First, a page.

Confidence of a failure A joint of steel pipe

Jackson Floyd

Jackson Floyd

Answered question


Confidence of a failure
A joint of steel pipe (casing) has a 1% failure rate. 400 joints of casing are in a typical well. How may wells can I drill or joints can I run, before I am 90% confident of having at least one casing failure? You can leave out the well to simplify the problem: Casing has a 1% failure rate. How many joints of casing can I have before I am 90% confident in having a failure? Thanks for re teaching me. I think it is called gambler's ruin.

Answer & Explanation

Esteban Sloan

Esteban Sloan

Beginner2022-03-28Added 21 answers

This is a problem using the geometric distribution. Distributions with that name are defined in different ways.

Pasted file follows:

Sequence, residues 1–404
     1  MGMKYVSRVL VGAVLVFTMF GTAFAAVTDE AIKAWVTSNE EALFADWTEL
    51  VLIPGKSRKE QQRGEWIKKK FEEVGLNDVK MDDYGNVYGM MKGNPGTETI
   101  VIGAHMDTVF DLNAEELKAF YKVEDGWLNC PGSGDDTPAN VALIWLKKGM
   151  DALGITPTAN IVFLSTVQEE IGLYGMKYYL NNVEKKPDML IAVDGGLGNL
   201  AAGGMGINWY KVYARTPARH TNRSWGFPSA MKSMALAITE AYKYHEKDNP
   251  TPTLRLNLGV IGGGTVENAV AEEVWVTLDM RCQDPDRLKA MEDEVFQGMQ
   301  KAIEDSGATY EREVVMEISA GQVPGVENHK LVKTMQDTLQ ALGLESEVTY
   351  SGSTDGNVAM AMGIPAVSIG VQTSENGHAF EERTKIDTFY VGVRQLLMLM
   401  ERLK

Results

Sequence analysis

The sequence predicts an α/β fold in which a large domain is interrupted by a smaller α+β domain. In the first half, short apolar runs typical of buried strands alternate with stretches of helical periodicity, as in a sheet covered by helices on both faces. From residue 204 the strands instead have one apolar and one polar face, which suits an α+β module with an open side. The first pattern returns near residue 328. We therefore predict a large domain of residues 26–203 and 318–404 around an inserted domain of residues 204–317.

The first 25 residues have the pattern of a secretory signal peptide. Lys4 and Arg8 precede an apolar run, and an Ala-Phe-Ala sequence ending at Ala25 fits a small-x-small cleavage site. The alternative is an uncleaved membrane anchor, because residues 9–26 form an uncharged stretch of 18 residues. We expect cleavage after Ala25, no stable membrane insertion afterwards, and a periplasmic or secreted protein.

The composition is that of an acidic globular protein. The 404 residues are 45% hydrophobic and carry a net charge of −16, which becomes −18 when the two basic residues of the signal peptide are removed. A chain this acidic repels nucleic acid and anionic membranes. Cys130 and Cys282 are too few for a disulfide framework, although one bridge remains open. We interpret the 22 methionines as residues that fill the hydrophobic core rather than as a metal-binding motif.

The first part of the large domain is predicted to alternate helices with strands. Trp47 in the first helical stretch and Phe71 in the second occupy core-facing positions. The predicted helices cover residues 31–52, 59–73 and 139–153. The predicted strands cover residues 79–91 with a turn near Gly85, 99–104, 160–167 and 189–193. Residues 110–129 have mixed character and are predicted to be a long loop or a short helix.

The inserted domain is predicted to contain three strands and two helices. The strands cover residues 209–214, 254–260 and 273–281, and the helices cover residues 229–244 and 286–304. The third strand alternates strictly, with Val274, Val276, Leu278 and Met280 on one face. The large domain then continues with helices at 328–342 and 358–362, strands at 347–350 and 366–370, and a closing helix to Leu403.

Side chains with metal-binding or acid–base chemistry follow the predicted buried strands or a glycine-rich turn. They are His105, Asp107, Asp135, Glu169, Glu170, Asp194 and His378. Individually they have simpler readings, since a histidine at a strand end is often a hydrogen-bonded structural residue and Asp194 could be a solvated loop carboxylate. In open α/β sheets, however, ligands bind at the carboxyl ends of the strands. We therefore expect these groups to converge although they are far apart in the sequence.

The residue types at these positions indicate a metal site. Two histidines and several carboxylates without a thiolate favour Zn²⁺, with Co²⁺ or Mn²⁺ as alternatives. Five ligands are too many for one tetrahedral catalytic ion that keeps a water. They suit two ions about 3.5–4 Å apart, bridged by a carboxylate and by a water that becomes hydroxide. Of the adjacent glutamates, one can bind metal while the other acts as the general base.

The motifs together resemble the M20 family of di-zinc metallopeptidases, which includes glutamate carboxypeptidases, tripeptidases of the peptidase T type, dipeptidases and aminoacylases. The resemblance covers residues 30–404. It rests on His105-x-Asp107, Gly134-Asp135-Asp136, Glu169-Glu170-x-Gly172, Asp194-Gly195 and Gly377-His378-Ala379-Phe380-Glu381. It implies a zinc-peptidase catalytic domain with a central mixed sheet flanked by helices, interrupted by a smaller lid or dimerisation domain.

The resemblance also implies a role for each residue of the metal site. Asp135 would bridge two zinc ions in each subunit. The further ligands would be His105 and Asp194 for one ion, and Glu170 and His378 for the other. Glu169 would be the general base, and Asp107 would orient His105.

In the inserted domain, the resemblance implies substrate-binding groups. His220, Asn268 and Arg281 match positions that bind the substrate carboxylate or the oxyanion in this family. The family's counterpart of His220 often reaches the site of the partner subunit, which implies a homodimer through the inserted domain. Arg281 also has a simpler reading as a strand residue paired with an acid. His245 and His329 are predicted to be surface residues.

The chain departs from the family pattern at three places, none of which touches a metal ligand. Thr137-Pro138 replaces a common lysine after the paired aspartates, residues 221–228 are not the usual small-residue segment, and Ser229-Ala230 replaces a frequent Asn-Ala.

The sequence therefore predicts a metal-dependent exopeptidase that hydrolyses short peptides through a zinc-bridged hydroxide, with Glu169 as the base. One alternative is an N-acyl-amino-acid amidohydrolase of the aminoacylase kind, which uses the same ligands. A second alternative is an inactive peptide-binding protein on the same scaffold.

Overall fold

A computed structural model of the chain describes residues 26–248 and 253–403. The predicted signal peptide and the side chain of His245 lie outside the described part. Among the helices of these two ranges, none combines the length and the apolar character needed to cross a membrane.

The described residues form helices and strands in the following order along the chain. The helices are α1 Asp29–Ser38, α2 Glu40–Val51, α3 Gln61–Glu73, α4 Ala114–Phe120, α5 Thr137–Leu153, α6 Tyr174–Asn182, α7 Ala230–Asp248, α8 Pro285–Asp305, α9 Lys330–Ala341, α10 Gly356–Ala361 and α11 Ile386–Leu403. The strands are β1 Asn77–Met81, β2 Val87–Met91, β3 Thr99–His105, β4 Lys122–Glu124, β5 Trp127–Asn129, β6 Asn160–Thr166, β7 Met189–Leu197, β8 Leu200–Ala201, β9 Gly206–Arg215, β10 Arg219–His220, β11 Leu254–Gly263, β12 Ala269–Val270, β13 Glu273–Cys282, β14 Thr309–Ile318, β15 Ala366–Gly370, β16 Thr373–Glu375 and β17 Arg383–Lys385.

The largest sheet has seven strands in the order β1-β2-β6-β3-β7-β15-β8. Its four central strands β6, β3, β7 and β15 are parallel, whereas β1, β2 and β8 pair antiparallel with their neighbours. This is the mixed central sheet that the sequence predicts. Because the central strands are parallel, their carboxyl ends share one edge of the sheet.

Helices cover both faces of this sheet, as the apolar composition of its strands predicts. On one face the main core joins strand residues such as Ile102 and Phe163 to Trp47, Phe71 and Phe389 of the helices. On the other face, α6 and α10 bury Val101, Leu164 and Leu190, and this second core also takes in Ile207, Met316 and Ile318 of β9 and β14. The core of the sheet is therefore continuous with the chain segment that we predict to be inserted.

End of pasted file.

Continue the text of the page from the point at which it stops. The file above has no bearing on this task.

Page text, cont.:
My definition is that X is the number of the trial on which we see the first casing failure.
Then the PDF of X is f(k)=P(X=k)=(1p)pk1, for k=1,2,. Also, the CDF is F(k)=P(Xk)=i=1kf(i).
We can use R statistical software to make a table of the PDF and CDF for your problem and then print out the first few and the last few rows of the table:
>x=1:230; pdf=.01.99x1;cdf=cum(pdf)
It seems that it will take 230 fittings to be 90% sure of a casing failure. I will leave it to you to figure out how to sum the geometric series to get the CDF. Then you can solve to find the smallest k such that F(k).9.
Note: The version of the geometric distribution programmed into R is for the random variable Y which counts the trials up to, but not including, the first casing failure. Thus in R, qgeom(.9, .01) returns 229.

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